Advocates of buzz marketing argue that marketers face a choice between throwing more money at increasingly impotent advertising or letting their customers do the work for them.
A cluttered environment, the proliferation of media channels through digital technology that has led to fragmentation of audiences, and competing forms of entertainment have all made it increasingly hard for brands to reach their targets.
Buzz marketing, which relies on brands' targets to pass on the marketing message either by physically forwarding emails or by word of mouth, provides one credible answer to the dilemma of ads' reduced impact, says Justin Kirby, Digital Media Communications (DMC) MD and spokesperson for the newly formed Viral & Buzz Marketing Association.
'Get others to do the work for you'
Viral marketing, which traditionally involves consumers emailing on pieces of creative, can avoid the cynicism the public has for companies forcing their products on us. 'Not every product is an iPod, so instead of customers talking about the product, you make the communication what they talk about,' Kirby says.
'The technology is self-selecting - it automatically finds its way to the relevant target group,' he points out, because if a message is not relevant, it is not passed on. 'Wastage is only an issue if you pay for the media.'
The danger with word-of-mouth marketing, however, is marketers are not in control of the point of communication, and it becomes difficult to judge the environment and way in which the message will be received.
Kirby insists a campaign should have a clear understanding of its marketing objectives, and should be handled by PR or advertising agencies rather than technology companies. 'There's a difference between something travelling virally and viral marketing,' he says.
Kirby points to an ad Ford distanced itself from that found its way on to the internet and successfully reinvigorated a ten-year-old car that 'is not outstanding in its class'. The ad - that showed a cat being decapitated by the Sportka's sunroof - was a radical departure from the brand's personality, underlining the fact that campaigns should be subject to the same scrutiny as other marketing disciplines.
Kirby adds that 'ultimately, it's about generating an idea and PR agencies can do that - the medium is just another channel. A viral is not some isolated activity'.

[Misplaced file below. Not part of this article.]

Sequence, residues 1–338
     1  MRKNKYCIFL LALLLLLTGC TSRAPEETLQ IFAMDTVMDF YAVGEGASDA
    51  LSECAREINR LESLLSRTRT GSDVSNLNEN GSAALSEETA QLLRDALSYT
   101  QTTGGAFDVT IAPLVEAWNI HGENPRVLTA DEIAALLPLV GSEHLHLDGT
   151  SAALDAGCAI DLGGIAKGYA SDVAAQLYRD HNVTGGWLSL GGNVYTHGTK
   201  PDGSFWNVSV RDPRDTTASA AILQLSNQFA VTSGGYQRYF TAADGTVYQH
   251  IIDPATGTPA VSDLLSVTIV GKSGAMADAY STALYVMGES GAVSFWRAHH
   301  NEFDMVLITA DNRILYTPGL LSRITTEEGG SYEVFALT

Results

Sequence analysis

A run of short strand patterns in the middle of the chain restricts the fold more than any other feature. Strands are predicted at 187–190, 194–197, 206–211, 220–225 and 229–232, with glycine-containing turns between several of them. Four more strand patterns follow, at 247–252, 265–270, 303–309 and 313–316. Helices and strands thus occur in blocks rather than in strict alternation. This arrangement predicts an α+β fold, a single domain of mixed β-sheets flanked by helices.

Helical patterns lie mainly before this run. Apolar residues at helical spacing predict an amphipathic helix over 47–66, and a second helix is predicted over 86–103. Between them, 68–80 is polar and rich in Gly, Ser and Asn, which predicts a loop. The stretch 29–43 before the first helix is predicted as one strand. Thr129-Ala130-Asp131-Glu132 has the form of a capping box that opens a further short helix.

'Our viral campaigns come under a brand marketing remit,' says James Kydd, brand director at DMC client Virgin Mobile. 'This is because it is best used as an integrated strategic part of the overall marketing mix - a means to an end that generates buzz, but also provides ongoing, tangible benefits.'
However, Jez Jowett, board director at Cake, which has a dedicated viral marketing team and is a member of the VBMA, believes agencies also need specialist knowledge of online communities and 'opinion formers' with whom they seed viral content.
'It is a specialty, and you have to understand the audience,' says Jowett. 'The bottom line is that complete understanding of the environment its going to be received in can only come from immersing oneself in these communities, and not many agencies dig that deep.' He says practitioners need to understand how 'viral-seeding' sites such as Eatmail.tv operate and how people respond to content.
'Ad agencies tend to be concerned with how great things look, but we only have one simple rule: "would you pass it on?",' says Jowett, who stresses the audience can be very particular about what it will endorse.
'If it's too branded, there's nothing for me to add.'
Tracking email pass-on offers some accountability and the introduction of viral marketing through mobile phones offers a new opportunity for the discipline to prove itself, says Jowett.
But measuring 'buzz', and whether it is having positive or negative impact on a brand, remains tricky, according to Dan Pinch, account manager at Weber Shandwick's youth division Slam.
'As a PR agency, our traditional clients are used to measuring us on the press coverage generated, but it's quite hard to measure buzz. I don't think anybody has a good methodology.'
But Pinch adds that buzz marketing should be used as part of an overall marketing strategy and can in part be measured by traditional methods: 'We do buzz marketing, but it is usually designed to get press coverage.'
Incorporating media relations is also a key part of Frank PR chairman Graham Goodkind's approach, and he argues that definitions place inappropriate restrictions on how a campaign is shaped. 'The things that work online are just good ideas, which can come from any discipline,' he says. 'PR agencies can create these.'
'I think one of the great PR campaigns was actually an ad campaign - (as a concept) FCUK was a bloody good PR idea that created word of mouth and transformed the business.'
In any event, buzz marketing in various guises is here to stay and indications are that its use is becoming more strategic than tactical, with major brands lining up to join in. If PR agencies want to play a role as brand custodians, they need to start coming up with buzz-inspiring ideas.
LEARNING THE LANGUAGE OF BUZZ MARKETING
Buzz The umbrella term for marketing that uses consumers to spread the sender's message. Usually describes word-of-mouth endorsement of a brand.
Viral Communications designed to be physically passed on. Usually online, it tends to take humorous form but can include special offers and competitions.
Guerrilla Creative activities like stunts that attract attention or highjack events, to place the brand in public view.
Trendsetter Involves providing key individuals in social or professional circles access to a brand's products or services with the hope they'll recommend them either actively or by example.
Stealth Undercover tactics, such as actors using products in public places. Directly targets consumers and does not openly appear as a marketing drive.